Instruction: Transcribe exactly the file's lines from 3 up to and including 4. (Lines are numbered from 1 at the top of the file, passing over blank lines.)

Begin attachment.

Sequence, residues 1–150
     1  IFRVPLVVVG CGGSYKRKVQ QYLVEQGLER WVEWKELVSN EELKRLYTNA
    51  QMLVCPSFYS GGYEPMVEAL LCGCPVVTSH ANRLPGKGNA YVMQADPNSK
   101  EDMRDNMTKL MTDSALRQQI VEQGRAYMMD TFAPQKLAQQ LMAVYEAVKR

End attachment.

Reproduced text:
    51  QMLVCPSFYS GGYEPMVEAL LCGCPVVTSH ANRLPGKGNA YVMQADPNSK
   101  EDMRDNMTKL MTDSALRQQI VEQGRAYMMD TFAPQKLAQQ LMAVYEAVKR